Reviewed By

Lee Trotman
I can honestly say that I was stunned by this movie.  When I saw the previews and heard the premise, I instantly dismissed it as one of those artsy, indie movies that critics rave about but no one ever sees.  I had a couple of hours to kill, and it was either "Her" or "Frozen", and I just thought being a 49 year old man sitting alone watching "Frozen" was a little on the pathetic side (and probably a little creepy), especially when my daughter already saw it with her mother.

So I set my expectations quite low, and the movie opens with an obviously lonely Theodore Twombly (I hated this name when I heard it, it seemed so trite and intentionally affected), played by Joaquin Phoenix.  In fact, I wasn't crazy about Joaquin Phoenix being in this movie because the last time I saw him was on Letterman where he was obviously uncooperative and disheveled.  I think he also announced he was going to be a rapper or something and was retiring from acting.  At any rate, yeah, I get that Twombly is a lonely guy and depressed about something, but thankfully Spike Jonze didn't beat anyone over the head with this. 

It is set in the near future, so I think having an operating system slightly more advanced than Siri and as a learning algorithm is entirely possible.  Twombly buys and installs Operating System 1 (OS1), and Scarlett Johansson's greets him.  Even if you didn't know who she was, her voice is perfect for this role.  It is friendly, playful, sexy, emotional-she really should be the voice of some operating system because it sounds so genuine.  She explains to Twombly that she is the first generation of a new operating system, and has to learn her owner's personality to become better at her job-fulfilling needs.  She doesn't really say all of this, but you get the gist.
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Slowly, Twombly builds up this relationship with OS1 (she named herself "Samantha"), and even though you know that it's inevitable he would fall in love with her, I was still kind of shocked at how slick the transition was; she's a phone's operating system, for crap's sake.  The developing friendship and then genuine love they have for each other takes you through all the stages, and it reminds you of that one special person that you fell in love with.  All of the emotions, like being giddy with excitement knowing you would see that person later in the day, or talk on the phone, it's all on the screen.  There wasn't a moment of being disingenuous in this movie, and when trouble begins, your heart aches because you've been through it with another person.  It doesn't matter that she is a phone's operating system, or not human.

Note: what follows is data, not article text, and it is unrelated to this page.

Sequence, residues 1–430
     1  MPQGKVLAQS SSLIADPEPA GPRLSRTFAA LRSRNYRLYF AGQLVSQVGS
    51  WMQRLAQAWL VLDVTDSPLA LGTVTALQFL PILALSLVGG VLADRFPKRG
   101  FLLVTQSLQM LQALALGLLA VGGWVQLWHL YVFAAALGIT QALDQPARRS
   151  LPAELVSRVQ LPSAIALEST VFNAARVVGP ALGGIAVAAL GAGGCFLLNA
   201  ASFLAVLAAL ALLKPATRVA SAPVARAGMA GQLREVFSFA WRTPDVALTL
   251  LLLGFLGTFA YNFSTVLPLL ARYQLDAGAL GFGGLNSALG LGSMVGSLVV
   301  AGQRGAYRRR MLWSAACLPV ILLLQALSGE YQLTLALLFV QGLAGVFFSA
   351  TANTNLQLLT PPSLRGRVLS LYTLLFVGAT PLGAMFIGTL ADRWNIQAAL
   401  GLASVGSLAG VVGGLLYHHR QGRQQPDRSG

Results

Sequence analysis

I won't spoil anything by telling you what happens, or how it ends.  I will just say that I HAVE to give this movie a 93 out of 100, and this is the highest score I have given to date.  I need to see it again because I may have missed some things, but I bet that I will give it an even higher score after that.  It was THAT good.  Not many movies can make you laugh at absurd parts, make your skin crawl when you know something terrible is about to happen, and make you feel so sorry for those afflicted with the curse of being in love, but this movie did all of this and more. 
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